Development Activity Map Builds Data Transparency

Client: City of Sammamish

Location: Sammamish, Washington

About the Project

The City of Sammamish is experiencing a high rate of population growth, spurring a surge of building construction in the area. City leaders identified two challenges exacerbated by the increase in development: citizens were frustrated that it was so difficult to access information about development in their community, and the city’s community development staff did not have an easy way to view and edit permit information on a map and share updates with other departments such as public works. Working collaboratively with Sammamish’s city manager and GIS coordinator, FLO built a web map that tracks development activity within city limits. The web map now provides easy access to development activity information for the community and serves as a useful tool for communication and collaboration among city staff.

Meet the Client

The City of Sammamish, a community of around 65,000 residents, is located above Lake Sammamish on the Sammamish Plateau in King County, Washington. The city borders the communities of Issaquah to the south and Redmond to the north, and is near the major urban areas of Seattle and Bellevue.

Streamlining Systems and Building the Web Map

We created the development activity map by first assessing the city’s existing GIS infrastructure and TRAKiT software permitting system to see if information from both could be combined and visualized on a web map. We determined that there was no TRAKiT GIS integration tool available that would achieve our goal, so we proceeded with a custom solution. As the TRAKiT and GIS data were both stored in SQL Server databases, we built database views and procedures to securely connect the key permit information with the land parcel location.

Using ArcGIS Online, we quickly built a web map that visualizes the combined GIS and TRAKiT data. The integrated data are served to the web through ArcGIS Server registered on the city’s ArcGIS Online account, ensuring that the city has full ownership of the map and allowing city staff to easily modify and adjust the application through built-in tools. Edits to development permits in the system automatically update the data underlying the web map, which can be accessed from a tablet, smartphone, or computer.

Sammamish Development Activity Map built by FLO Analytics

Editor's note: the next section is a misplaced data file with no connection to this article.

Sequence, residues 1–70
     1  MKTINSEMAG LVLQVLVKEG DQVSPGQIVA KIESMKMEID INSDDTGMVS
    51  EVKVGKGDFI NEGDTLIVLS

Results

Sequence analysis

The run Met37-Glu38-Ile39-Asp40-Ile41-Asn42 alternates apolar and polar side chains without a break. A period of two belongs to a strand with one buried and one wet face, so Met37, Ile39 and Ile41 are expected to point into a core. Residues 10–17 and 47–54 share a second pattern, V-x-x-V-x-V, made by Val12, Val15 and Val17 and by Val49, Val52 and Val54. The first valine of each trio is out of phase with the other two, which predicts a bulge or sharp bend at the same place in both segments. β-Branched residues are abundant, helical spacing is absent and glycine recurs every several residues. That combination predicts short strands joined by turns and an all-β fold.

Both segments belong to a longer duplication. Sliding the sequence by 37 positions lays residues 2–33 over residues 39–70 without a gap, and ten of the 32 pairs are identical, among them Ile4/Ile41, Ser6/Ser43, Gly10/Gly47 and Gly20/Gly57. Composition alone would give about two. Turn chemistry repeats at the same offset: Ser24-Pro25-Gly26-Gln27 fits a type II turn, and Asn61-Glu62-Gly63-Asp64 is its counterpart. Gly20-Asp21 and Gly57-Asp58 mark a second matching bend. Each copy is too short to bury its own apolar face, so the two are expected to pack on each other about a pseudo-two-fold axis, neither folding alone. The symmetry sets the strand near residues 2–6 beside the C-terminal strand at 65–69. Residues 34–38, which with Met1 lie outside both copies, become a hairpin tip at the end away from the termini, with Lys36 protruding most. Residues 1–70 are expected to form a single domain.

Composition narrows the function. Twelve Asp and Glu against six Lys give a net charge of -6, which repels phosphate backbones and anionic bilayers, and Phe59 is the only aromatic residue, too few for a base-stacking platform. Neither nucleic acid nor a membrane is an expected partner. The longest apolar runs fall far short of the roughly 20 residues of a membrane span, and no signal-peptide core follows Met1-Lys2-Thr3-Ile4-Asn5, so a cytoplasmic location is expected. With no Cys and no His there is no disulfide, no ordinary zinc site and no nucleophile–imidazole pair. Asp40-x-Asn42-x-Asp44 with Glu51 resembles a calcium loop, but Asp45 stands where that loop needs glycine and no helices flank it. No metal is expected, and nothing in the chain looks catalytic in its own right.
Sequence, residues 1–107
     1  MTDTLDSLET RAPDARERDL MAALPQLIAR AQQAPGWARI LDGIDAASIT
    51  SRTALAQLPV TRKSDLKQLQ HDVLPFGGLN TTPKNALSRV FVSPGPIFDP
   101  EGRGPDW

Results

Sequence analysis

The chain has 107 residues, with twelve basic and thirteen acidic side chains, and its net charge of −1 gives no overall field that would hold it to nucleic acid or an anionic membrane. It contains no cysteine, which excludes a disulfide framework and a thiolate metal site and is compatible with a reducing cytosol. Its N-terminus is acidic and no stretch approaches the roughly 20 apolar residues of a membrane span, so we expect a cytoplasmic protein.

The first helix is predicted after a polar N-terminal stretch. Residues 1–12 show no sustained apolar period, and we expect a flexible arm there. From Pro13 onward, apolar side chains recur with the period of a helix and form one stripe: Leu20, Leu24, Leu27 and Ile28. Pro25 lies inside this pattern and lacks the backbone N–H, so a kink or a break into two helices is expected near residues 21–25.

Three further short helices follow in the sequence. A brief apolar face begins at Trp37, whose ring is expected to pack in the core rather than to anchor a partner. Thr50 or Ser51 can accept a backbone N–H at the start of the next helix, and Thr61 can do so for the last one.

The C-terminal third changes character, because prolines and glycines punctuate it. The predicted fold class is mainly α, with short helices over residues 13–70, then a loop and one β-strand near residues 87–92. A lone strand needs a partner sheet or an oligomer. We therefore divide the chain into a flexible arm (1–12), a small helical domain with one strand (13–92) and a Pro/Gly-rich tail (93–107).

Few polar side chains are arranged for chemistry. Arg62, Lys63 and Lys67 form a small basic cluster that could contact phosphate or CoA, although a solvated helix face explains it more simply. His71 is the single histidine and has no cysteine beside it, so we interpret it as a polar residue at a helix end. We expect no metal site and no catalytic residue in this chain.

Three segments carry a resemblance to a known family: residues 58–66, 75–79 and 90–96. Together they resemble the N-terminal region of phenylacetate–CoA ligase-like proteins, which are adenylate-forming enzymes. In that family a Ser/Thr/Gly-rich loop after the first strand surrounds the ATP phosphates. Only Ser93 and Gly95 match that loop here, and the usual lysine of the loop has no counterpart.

Development Activity Available 24/7

With the development activity map online, Sammamish staff can easily access development activity information—and so can residents. With just a few clicks, anyone can see permitted development activity in the city, details about the development, and whom to contact if they want to learn more—a new tool welcomed by the community, if the Sammamish community newsletter’s introduction to the development activity map is any indicator:

“When big public notice signs appear on empty parcels, they serve to irritate some people twice. Once because it usually means more homes are going up. And a second time because they can’t read the information as they whiz by in their cars. So, in response to numerous requests, the city now has a ‘development activity map’ on its website.”

Want to explore the City of Sammamish’s development activity map?

See the Map


City of Sammamish is a member of the Association of Cities GIS Consortium, a program that works to improve access to GIS services for Washington communities. Learn more about the AWC GIS Consortium.


Their Thoughts

“Having someone with the knowledge of a database administrator was really essential in making this work. We did not have that expertise in-house, and that’s what FLO Analytics brought to the equation.”

—David Pyle, Deputy Director of Community Development, City of Sammamish

Our Thoughts

“The city wanted to deliver up-to-date data in an easy-to-use format with minimal maintenance requirements. SQL views and procedures allowed us to combine data cleanly, securely, and automatically from both the TRAKiT and GIS systems without impacting the use of either, and the map can be managed directly by the city without requiring coding skills.”

—Grant Herbert, Director of Technology

Contact Us
staff image

Grant Herbert, GISP

Director of Technology

(206) 556-2024

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